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USB Type-C: tips on how to use the new port

The USB Type-C port is the successor to the micro-USB port, and it will finally come to mid-range smartphones in 2017. We've had a great experience of it so far in its first year so we'd like to share with you why we think it's so much better than its predecessor.

Three unapparent advantages and abilities of a Type-C cable

1. Type-C loads much more quickly

The USB Implementers Forum, which is the industry association behind the port, has learned from its mistakes with micro-USB and created better specifications for the Type-C. Chargers with a Type-C port are quicker across the board and generally charge your smartphone at 15 watts. That's five times quicker than most chargers using the old port. And best of all: it’s easy on your battery.

2. Type-C charges backwards and forwards

Both ends of the cable not only look the same, they can also do the same things on both ends, which means you can determine in which direction the current flows. In some cases, it leads to funny results where your smartphone starts charging the power pack.

If you still have enough juice for the coming hours, you can actually help out a friend by charging their cell phone using the juice left from yours. To do so, connect both smartphones and direct the power flow. You can open the menu for it using the attached notification.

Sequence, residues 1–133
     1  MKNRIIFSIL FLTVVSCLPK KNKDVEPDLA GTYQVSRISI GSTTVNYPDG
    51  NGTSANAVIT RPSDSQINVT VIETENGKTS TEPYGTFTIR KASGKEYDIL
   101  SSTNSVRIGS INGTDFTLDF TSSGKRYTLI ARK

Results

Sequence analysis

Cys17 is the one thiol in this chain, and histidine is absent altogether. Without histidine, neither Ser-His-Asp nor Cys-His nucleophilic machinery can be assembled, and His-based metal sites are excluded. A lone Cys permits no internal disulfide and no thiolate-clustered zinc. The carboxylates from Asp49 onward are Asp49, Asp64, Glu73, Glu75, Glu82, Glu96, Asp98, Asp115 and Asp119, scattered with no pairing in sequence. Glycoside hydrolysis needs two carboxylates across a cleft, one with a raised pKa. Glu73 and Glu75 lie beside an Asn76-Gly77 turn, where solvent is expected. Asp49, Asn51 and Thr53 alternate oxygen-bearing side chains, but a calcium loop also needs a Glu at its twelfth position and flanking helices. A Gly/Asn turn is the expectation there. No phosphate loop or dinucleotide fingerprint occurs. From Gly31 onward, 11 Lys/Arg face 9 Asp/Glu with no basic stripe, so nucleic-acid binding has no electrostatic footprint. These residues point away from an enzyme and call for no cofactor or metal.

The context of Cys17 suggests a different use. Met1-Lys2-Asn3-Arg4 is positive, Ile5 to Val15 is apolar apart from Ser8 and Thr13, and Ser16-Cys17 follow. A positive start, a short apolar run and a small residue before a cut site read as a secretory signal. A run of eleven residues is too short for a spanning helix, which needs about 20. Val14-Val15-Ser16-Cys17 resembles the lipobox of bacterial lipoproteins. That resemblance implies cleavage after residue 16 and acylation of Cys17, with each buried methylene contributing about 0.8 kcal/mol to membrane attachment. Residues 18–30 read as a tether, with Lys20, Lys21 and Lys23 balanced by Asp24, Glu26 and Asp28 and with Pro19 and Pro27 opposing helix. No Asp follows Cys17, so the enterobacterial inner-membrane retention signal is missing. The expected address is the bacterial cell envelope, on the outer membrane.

3. It copies data

Do you want to quickly copy images or music from one smartphone to another? If you have Android Marshmallow and a Type-C port, then you’re good to go. Android can detect a smartphone on the other end of the cable and offers to share your data. You just need to open the file explorer on the device where you wish to receive the files. This is a pre-installed app on many manufacturers’ smartphones but otherwise, it can be found in the storage settings under search.

What’s behind the connector?

USB (Universal Serial Bus) is a standard that defines the cable, connectors and digital data exchange. The first version originated in 1998 and replaced PC interfaces that were customary at that time. The USB Type-C connector has been defined since 2014. It has more connectors than its predecessor, and they are symmetrically arranged. As a result, it doesn’t matter which way round you insert the cable.

There are a lot of differences between the various connectors and USB versions. They have different electrical specifications and data rates. USB A and B connectors only have 4 pins, whereas USB 3.1 Type-C has 24 pins, which are required to support higher currents and faster data transfer rates. Furthermore, the separately specified USB 3.1 standard increases speeds up to 10 GB/s, and there are innovative ways to power devices.

The Type-C port specification requires the connector to withstand being plugged in 10,000 times without showing signs of wear. If used twice daily, that would last you over thirteen years. To meet these specifications and handle the increased power flow, USB-C cables are mostly thicker than the classic cable.

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